Monday, February 09, 2009

On the rules of the internet

On the rules of the internet

You may not realise this, but the internet has rules. Rules that you have probably broken (For example: by talking about Fight Club) at some stage or another.

We thought it best, then, by way of a public service to go through some of these rules just so you know where you stand in the great scheme of things.

Luckily, I've managed to try this out on an online pal, and if his reaction is anything to go by ("AAAAAAAAAARRRRRGGGGGHHHHHHH!") this little exercise should be more than worth it.

So. Let us start with the infamous Rule 34 of the Internet.

Rule 34 of the internet clearly states: If it exists, there is porn of it. No exceptions

Take, for example, the reams of filth on the web on just about any subject under the sun.

I know what you're thinking, and this is neatly tidied up with Rule 35.

Rule 35: If no porn exists, it will be made

*cough* Last of the Summer Wine slash fiction *cough*

"Hey Scary!" my old pal Peter Pervert asks, "Can you give us a 'For Example'?"

Oh, if I must, but first let me warn you of Rule 35a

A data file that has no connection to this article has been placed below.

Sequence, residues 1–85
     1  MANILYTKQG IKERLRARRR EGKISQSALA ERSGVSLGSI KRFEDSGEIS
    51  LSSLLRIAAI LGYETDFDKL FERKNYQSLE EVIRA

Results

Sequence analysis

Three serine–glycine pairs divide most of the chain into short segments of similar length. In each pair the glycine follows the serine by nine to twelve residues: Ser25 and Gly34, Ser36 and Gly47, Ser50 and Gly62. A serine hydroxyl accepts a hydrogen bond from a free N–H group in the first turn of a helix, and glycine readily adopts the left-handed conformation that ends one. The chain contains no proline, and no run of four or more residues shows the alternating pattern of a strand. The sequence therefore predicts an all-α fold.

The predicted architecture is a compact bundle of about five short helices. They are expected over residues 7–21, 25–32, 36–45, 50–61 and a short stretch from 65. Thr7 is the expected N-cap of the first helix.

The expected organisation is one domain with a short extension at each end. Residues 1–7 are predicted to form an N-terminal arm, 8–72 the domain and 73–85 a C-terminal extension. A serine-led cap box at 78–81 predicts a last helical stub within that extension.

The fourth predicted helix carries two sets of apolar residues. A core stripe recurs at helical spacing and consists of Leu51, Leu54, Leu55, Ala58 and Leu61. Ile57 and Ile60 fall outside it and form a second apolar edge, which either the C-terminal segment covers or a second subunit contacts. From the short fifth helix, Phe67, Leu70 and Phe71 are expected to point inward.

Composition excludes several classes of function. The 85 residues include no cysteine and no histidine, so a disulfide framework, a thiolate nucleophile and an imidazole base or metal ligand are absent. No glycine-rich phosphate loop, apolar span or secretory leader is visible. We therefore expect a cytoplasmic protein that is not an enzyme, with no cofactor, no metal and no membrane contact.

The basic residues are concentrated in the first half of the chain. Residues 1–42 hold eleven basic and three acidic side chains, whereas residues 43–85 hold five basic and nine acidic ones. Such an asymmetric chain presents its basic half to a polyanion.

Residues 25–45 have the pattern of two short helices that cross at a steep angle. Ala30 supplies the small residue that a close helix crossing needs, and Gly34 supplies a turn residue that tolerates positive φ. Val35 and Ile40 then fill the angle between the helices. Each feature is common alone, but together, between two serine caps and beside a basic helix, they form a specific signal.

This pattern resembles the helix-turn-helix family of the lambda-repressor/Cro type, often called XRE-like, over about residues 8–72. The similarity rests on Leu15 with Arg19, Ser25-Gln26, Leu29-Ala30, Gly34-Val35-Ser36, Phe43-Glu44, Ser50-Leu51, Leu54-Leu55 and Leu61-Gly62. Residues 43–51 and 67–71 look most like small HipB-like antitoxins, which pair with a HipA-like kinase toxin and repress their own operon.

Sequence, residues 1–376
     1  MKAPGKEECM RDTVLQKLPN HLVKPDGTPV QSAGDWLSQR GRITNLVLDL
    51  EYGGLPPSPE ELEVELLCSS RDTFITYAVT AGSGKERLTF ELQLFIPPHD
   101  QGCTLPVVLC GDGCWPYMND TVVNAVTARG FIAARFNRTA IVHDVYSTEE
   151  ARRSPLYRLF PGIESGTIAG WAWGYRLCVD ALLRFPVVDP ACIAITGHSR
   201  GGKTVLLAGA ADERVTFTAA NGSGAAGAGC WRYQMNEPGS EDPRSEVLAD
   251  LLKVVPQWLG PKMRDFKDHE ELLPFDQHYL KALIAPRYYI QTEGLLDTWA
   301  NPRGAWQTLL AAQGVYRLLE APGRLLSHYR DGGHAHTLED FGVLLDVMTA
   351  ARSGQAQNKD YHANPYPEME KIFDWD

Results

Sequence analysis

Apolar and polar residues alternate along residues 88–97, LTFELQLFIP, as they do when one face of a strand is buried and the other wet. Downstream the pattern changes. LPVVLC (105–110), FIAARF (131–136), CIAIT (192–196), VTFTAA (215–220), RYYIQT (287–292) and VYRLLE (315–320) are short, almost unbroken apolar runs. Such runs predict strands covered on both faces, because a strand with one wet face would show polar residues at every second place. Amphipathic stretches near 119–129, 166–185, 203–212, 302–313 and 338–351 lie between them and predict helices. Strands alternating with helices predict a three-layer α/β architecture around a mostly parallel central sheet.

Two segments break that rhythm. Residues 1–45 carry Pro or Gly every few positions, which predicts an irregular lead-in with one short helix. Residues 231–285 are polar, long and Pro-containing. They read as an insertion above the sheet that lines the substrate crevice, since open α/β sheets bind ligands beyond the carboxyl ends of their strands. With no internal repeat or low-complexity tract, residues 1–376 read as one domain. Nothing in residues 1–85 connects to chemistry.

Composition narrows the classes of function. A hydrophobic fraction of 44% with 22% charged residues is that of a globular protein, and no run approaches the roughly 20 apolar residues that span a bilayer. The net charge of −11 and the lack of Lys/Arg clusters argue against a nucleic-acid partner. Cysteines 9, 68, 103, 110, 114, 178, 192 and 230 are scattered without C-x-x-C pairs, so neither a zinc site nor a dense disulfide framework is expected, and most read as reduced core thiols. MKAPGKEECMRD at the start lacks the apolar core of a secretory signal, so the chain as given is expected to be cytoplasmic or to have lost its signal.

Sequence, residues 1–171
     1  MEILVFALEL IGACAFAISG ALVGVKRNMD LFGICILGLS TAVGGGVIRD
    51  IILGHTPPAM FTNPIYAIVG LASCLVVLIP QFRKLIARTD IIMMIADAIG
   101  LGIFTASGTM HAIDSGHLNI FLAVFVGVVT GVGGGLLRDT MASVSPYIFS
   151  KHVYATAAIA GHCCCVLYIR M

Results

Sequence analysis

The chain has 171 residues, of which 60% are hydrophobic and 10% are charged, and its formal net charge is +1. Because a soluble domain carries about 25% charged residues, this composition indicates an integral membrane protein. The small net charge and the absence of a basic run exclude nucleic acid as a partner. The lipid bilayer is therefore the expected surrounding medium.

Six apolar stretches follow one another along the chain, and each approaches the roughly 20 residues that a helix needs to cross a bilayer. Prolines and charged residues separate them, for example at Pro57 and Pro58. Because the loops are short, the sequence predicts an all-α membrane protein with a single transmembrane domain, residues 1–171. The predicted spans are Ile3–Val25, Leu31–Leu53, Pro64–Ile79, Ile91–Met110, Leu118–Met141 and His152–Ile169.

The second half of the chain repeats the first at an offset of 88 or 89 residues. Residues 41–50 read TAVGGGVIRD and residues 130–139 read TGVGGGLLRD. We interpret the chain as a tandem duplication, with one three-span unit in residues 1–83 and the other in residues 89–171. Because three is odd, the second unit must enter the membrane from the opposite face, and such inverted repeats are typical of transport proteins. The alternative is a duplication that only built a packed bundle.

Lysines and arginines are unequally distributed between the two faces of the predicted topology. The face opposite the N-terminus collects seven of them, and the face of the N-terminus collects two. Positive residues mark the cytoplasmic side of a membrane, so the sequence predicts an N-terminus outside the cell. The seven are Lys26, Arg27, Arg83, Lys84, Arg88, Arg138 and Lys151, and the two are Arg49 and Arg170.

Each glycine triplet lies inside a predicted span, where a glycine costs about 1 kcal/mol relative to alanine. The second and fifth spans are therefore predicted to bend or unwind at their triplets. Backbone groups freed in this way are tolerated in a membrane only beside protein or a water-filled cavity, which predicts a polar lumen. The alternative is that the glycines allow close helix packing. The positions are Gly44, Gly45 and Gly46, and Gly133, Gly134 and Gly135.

Rule 35a: What has been seen, cannot be unseen.

For example --- Excerpt from the Radio Times, Sunday 14th November 1993:

BBC1, 5.20pm
Last of the Summer Wine

Gentle comedy featuring a trio of misfit pensioners in their twilight years.
Episode six: "The Great Beaver Hunt". Nora 'Up the' Batty gets it in the wrong'un from Compo, Foggy and Clegg whilst going downhill in a bathtub. Meanwhile Frank Thornton helps Thora Hird with her septic butt plug with hilarious results. (Colour) (Ceefax subtitles)
Rule 36: If it exists, somebody will have a fetish of it.

"Frank Thornton porn? Fwapfwapfwapfwapfwap"

Sadly, thanks to a strike by technicians at BBC Television Centre – angered at management plans to slash staff bongo allowances - this episode was never aired. It sits in a vault somewhere below Broadcasting House, along with a dozen or so reels of unfortunate footage featuring Una Stubbs that are best not talked about.

Many thought this famous 'lost episode' would see the light of day following the death of Dame Thora Hird in 2003. However, the circumstances of her demise – the words "Scream if you want to go faster" being misunderstood during the filming of a Churchill stair-lift commercial - mean that "The Great Beaver Hunt" may now be lost forever.

Perfectly clear? You may now apply the mind bleach.

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